“Ambient computing” refers to making the capabilities of a place, such as a home, directly accessible to anyone present, without the need for an intermediate device like a mobile phone or computer. If you have ever stood in your kitchen and asked Alexa to play music or turn on the lights, you’ve used ambient computing. (Incidentally, these are the two most common uses of Alexa, each comprising 30% or more of Alexa requests). If you’ve ever had lights with motion sensors turn off when you aren’t in the room, or armed your security system using a wall keypad, you have also used ambient computing. Voice computing is just one of many ways that you can interact directly with your environment.

Voice computing works well for direct interactions when you know exactly what you want, such as asking for a weather forecast, but is critically lacking in other interactions, such as choosing from a list of options, reviewing information, or discovering what capabilities are available. General purpose ambient computing devices will have a range of interfaces adapted to relevant…

Build a 1930’s Style Dieselpunk Cellphone

It’s a golden time for makers. With a handful of components and access to common maker tools, it is now possible to build your own functioning cellphone that makes and receives calls and SMS texts, and even plays FM radio.

Adafruit’s Fona microcontroller, with a GSM phone module, came out around the time I had just discovered dieselpunk (like steampunk, only the era begins roughly in the 1930s and concludes at the end of Word War II), and I was inspired to make a cellphone in an imagined retrofuture style. Something fun and artsy that actually made you think about our relationship to tech and culture.

I started out just drawing sketches on napkins at the coffee shop. I’m no artist, but these little sketches helped me visualize what I wanted.

Most of the concepts I came up with were way too advanced for me. I would have to improve my 3D printing skills (from rank beginner) to make the sketch shown in Figure A.

Figure A

After a lot of thought and some prototypes (Figures B and C), I inched closer to the final concept.

Figure B
Figure C

I kept refining things and finally made a critical design decision. Up until late 2016, I had been trying to “re-invent the wheel” and create custom parts and features that already had available solutions. I thought, “Gee, why not use off-the-shelf parts?”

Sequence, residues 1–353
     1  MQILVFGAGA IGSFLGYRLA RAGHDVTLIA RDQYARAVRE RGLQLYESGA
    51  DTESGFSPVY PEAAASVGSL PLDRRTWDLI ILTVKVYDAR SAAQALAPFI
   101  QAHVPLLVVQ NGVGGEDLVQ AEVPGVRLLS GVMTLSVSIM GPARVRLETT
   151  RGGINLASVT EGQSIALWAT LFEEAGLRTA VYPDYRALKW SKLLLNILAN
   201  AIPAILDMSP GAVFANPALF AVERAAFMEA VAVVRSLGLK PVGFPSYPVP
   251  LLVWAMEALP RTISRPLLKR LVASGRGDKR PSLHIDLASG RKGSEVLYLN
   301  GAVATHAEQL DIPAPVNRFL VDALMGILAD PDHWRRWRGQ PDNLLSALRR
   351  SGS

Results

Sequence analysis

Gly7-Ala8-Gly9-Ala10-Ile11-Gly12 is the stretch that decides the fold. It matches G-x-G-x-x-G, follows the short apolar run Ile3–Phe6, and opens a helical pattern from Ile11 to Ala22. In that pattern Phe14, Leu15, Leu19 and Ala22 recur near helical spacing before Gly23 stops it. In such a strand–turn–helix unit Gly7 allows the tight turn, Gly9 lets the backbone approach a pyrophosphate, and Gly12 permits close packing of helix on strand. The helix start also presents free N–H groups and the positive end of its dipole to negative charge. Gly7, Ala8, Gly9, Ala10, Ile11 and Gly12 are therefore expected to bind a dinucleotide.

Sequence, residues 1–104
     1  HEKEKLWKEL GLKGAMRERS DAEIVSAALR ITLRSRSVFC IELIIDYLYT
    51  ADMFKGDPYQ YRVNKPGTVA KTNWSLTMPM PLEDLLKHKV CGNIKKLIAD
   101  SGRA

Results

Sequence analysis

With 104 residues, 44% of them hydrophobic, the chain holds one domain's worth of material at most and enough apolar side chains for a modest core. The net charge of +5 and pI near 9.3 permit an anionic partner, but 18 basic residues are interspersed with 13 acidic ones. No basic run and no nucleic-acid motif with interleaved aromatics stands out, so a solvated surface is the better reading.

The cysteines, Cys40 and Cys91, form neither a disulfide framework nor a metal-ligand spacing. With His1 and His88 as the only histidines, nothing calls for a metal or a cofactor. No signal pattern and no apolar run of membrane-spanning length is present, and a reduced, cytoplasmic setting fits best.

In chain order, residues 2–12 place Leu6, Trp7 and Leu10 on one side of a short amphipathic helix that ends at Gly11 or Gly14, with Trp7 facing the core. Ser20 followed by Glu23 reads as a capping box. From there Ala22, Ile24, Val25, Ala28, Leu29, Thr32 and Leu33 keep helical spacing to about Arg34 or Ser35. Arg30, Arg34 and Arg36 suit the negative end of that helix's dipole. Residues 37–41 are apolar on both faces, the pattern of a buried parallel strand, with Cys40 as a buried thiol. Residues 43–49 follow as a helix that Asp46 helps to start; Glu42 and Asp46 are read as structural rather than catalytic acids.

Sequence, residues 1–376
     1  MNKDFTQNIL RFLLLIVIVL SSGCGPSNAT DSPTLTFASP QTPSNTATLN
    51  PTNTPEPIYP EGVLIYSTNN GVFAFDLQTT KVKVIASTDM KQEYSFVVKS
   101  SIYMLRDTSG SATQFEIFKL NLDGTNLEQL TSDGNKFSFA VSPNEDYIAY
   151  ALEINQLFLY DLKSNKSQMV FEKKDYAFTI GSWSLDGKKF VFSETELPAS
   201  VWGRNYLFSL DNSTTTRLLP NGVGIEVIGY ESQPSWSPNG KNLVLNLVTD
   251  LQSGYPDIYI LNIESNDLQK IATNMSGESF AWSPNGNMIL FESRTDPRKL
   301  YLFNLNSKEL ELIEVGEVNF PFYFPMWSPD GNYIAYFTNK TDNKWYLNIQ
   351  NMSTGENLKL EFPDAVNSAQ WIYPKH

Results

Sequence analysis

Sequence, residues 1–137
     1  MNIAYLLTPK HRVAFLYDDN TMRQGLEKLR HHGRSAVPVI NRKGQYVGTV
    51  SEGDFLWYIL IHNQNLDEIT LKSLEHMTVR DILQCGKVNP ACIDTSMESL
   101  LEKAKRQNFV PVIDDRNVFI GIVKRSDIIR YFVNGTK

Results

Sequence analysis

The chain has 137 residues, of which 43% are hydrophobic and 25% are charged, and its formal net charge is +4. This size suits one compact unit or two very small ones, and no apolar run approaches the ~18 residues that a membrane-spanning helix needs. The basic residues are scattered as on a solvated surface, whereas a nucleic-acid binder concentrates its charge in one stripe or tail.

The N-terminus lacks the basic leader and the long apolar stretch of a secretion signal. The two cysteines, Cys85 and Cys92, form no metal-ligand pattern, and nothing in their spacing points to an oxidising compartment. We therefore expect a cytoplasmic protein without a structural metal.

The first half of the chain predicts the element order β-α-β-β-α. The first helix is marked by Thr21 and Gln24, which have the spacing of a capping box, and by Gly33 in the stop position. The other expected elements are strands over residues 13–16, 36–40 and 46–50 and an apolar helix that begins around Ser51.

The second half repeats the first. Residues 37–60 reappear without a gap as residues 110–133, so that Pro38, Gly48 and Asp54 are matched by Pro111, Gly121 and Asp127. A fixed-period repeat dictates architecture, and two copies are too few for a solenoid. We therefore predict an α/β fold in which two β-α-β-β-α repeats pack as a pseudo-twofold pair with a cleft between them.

Finally, I settled on a case I could make that could fit all the off-the-shelf components.

Read articles from the magazine right here on

There were still design constraints. I wanted this cellphone to have the footprint of an iPhone 6. It would be thicker, of course, by about one inch. Then Adafruit released its Feather Fona update. This was a great…

Social Media and Cell Phone Will Determine Fate

In Fatal Crash

Chris Soules‘ fate in the fatal car crash could be determined by his cell phone … and the stakes are high — a possible vehicular manslaughter prosecution.

Law enforcement sources involved in the investigation tell us they’re especially interested to know if Soules was a distracted driver by using his cell phone at the time of the crash. We’re told law enforcement seized his phone and they will be looking at texts, photos, social media posts and his call log.

We’re told Soules loved taking photos of sunsets as he drove down Iowa roads and regularly posted them on Twitter. He has now deleted his Twitter and Instagram accounts.

If it’s determined Soules was using his phone at the time of the crash, our sources say a vehicular manslaughter charge is definitely on the table.

As for the charge he now faces — the felony of leaving the scene of an accident that resulted in death — our Iowa law enforcement sources say they believe he’ll be prosecuted but will not be convicted.

Our sources say the fact Soules is famous works against him, because prosecutors don’t want to appear soft on celebrities. Based on what our law enforcement sources…

Woman Says Her Fitbit Device Exploded, Leaving Her With Severe Burns

We’ve heard of exploding cell phones and e-cigarettes. Now, a Wisconsin woman is warning about exploding fitness trackers.

Fitbit owner Dina Mitchell said she was wearing her Flex 2 device last week when it spontaneously exploded on her wrist, leaving her with second-degree burns.

“It didn’t heat up at first, there was no warning, it just, it burst into flames. It exploded,” the Milwaukee resident told WISN News of the April 18 incident.

Dina Mitchell said she suffered second-degree burns from the device.

Mitchell, who said the tracker was a recent birthday present, told ABC News that she received treatment at an urgent care facility for her injury. A doctor there picked pieces of rubber and plastic out of her arm.

Fitbit,…